The capabilities and intentions of each are clearly incomparable. But it is important for Israelis to know that beyond the waves of rambunctious teenagers, there are small, dedicated groups like Dorot that take Israel seriously enough to look past the stories and myths of our American upbringing with the belief that we have a responsibility to know Israel as it is today and to consider how we see ourselves a part of it.

The 10 of us come from a wide range of political views and religious practices (and are chosen for the fellowship because of this). Some fellows spend their time wrestling with Talmud; others haunt checkpoints or volunteer at refugee health clinics. I work at the Suzanne Dellal Center in Tel Aviv, exploring dance in Israel as a tool of cultural diplomacy. Some of us see the lack of pluralistic Judaism as the largest obstacle to Israeli stability; others think the occupation is its gravest threat. The point is not to reach solutions or find closure. When our fellowship ends in a few weeks, many of us will leave more confused and conflicted than when we arrived. To see Israel as it is can be disillusioning. The struggle is to keep looking.

WHICH IS exactly what Birthright seems to be afraid of. Programs such as this, rather than widening the eyes of their participants, put on blinders and send them back home knowing Israel through Goldstar and humous. The Israel that students see on Birthright is still the Israel of the past – but with much better shopping. They are carefully, and unfortunately, kept out of the Israel of today.


Several alumni of Birthright with whom I have spoken note that sometimes politics do sneak into the trip in small ways, but this depends entirely on knowledgeable individual staff members and inquisitive participants who know what questions to ask. Organizationally Birthright does not create a framework for how to delve into the sticky issues. Why not encourage students to follow Israeli media in the months leading up to the trip to gain a grasp of the topics that the country is currently discussing? Why not provide a reading list post-adventure so that students can then arm themselves with a variety of perspectives and opinions of contemporary history in order to speak intelligently about Israel back home? Many will argue that the focus of Birthright is Jewish identity – not Israeli politics – and that given the sheer volume of participants, any attempt at introducing even slightly controversial topics might offend, confuse or scare away potential Israel-lovers. Birthright supporters claim that the primary goal is to initiate an easyto- swallow connection to Israel so that participants will return on their own to learn more. Indeed, statistics of those who do in fact return suggest that Birthright is incredibly successful in its goal.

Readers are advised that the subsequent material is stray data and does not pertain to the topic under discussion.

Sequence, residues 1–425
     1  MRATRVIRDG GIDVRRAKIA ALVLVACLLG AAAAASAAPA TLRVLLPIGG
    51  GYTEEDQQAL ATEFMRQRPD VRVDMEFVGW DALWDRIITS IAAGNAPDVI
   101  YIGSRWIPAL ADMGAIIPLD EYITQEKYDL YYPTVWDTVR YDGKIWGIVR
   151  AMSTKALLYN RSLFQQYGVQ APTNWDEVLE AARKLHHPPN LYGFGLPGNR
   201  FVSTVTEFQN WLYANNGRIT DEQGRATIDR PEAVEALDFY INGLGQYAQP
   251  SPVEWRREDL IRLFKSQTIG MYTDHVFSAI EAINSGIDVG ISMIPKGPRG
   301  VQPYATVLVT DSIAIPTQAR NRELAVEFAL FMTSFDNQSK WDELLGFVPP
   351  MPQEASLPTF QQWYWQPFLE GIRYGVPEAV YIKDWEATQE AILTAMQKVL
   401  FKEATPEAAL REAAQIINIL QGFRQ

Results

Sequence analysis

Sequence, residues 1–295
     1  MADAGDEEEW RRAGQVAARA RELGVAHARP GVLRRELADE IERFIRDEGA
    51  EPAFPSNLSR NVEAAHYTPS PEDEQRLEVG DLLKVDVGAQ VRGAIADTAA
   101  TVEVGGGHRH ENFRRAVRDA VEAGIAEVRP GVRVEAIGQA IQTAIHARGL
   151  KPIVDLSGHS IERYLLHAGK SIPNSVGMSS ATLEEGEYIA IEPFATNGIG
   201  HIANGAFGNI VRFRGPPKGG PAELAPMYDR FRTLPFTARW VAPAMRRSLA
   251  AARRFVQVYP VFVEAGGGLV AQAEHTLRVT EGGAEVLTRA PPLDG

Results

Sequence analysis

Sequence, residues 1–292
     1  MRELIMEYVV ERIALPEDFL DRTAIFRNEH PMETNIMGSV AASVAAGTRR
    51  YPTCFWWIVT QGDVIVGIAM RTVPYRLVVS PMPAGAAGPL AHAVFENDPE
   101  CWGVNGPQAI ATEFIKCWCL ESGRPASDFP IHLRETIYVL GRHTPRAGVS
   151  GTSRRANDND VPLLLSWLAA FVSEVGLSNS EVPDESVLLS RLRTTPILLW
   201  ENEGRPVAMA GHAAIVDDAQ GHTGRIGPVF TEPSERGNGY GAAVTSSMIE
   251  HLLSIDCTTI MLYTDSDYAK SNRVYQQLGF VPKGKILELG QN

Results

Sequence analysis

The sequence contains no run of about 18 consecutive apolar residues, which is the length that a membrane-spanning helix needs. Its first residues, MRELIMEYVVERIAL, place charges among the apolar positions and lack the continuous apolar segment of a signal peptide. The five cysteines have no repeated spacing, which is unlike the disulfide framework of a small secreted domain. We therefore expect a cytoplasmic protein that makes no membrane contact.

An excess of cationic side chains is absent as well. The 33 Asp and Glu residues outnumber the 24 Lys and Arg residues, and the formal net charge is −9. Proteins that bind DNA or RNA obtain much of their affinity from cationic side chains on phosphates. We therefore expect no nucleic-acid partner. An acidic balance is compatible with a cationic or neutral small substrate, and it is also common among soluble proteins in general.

Yet what benefits Israel most is not hordes of Americans buying Coca-Cola Tshirts in Hebrew script, but those who can look with insight and compassion at the many complexities here. The launch of Birthright NEXT is a promising step toward continuing the conversation, but the program can do more to provide its alumni with resources and information to be able to talk about the country in articulate and nuanced ways, allowing them to respond to the organized and institutional criticism of Israel sweeping through American college campuses.

Birthright and Dorot are completely different ways of engaging with Israel, but they are not mutually exclusive. The main difference between the two programs is not their duration; rather it is how they conceive of and treat their participants: as consumers and cheerleaders, or as stakeholders and advocates. Birthright and other youth programs can create a bridge from one to the other if they commit to planting those seeds now.

The writer is a Dorot Fellow. He blogs at www.MyTwoLeftFeet.net